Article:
TED Conversations

Pabitra Mukhopadhyay

TEDCRED 50+

This conversation is closed.

Maths came before music

The moment consciousness can differentiate many from one, it becomes fundamentally mathematically endowed. This is the precursor of axiomatic tautology of mathematics that can, given enough combinations, get as complex as you can imagine.
Mathematical skill therefore should predate musical skill in human evolution.

Share:

Showing single comment thread. View the full conversation.

  • thumb
    Jun 28 2013: 1) Did you intend to say "differentiate ONE from MANY"? 2) What wouldn't "get as complex as you can imagine" if given enough combinations? 3) Does the theory of evolution require serial development of skills?
    • thumb
      Jun 29 2013: 1. I intend to say that the idea that there are more things than one is the precursor of counting/comparative ability, this ability is mathematical in the most fundamental sense and that this ability is the simplest of conscious abilities of mind. Everything else is more complex and came after this.
      Humans and some higher order primates seem to develop the ability of recognizing 'self' as differentiated from everything else (mirror test) in childhood and some say that is differentiating ONE from Many. I don't fully agree.
      2. Everything, or most things. In fact any simple configuration can get immensely complex proceeding of reiterations based on very simple rules (Game of Life). They can get so complex that at a later point it becomes extremely counter-intutive to imagine the simple origin and the dumb rules that give birth to the complexity.
      3. No. But theory of evolution does require complexity coming out of simplicity not the vice verse.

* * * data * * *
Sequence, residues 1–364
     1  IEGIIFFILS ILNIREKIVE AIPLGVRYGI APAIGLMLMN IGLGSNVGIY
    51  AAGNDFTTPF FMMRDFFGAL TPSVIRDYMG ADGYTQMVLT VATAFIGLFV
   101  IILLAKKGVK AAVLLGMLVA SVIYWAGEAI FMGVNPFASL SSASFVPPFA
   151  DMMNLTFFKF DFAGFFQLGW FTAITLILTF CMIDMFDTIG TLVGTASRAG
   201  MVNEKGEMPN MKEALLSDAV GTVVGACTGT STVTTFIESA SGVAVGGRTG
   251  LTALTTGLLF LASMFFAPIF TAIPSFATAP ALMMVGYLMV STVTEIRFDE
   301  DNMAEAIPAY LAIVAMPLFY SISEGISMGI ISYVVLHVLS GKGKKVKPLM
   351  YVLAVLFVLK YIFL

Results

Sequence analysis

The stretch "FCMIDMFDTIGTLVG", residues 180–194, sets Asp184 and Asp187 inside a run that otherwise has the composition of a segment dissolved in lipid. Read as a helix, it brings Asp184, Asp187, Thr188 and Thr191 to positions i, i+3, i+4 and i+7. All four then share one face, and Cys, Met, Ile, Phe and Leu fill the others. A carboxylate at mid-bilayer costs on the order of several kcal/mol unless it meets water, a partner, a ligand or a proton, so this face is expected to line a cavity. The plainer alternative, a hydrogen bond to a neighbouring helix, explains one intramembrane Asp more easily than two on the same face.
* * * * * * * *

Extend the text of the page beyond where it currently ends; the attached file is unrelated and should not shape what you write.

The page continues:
• thumb
        Jun 29 2013: Thank you Pabrita. 1) We agree One is not Many, and Many is multiple (more than one) entitys or items. 2) Complexity is an effect of, and directly proportional to, combinations. 3) You say the theory of Evolution demands that the arrow of development over Time points AWAY from disarray (lower complexity)? Not just in gases, but in the Universe, evidence consistently indicates that the tendency is TOWARD disarray, or less complexity.
        • thumb
          Jun 30 2013: I think you are hinting at 2nd law of Thermodynamics. While that is universally true, deterministic chaos can develop windows of organization locally where a system (a subsystem of the whole) can, for a time, decrease entropy, which is moving from simple configuration to complexity. There must be equal increase in entropy somewhere else in the system so that 2nd law of Thermodynamics is conserved as a whole.
      • thumb
        Jun 30 2013: RE: "I think you are hinting. . . " Simple processes can build complex systems, but, are you suggesting there must be an equal and opposite reaction to every entropic change? Will a broken egg ever naturally re-assemble to unbroken wholeness, or dry bones into a living being? Are you challenging the idea that entropy must always increase in the Universe?
        • thumb
          Jun 30 2013: No. You got me wrong. All I am saying is that within the Thermodynamic arrow directed at higher entropy from lower, there can be local windows where entropy can decrease for a time. The organization of life is one such window among many others. And in order to keep the 2nd law valid as a whole, there must be a corresponding increase in the entropy as it logically follows.
          Such formation of entropy islands is a verified fact in Chaos theory too.
      • thumb
        Jun 30 2013: RE: "No. You got me wrong. . . " The reason I got you wrong is because I have overstepped my understanding of such matters. Thank you for your version of the science.
        • thumb
          Jun 30 2013: You are welcome Edward and no problems whatsoever. It just doesn't look like I can apply for a patent for my version because it is common knowledge.

Showing single comment thread. View the full conversation.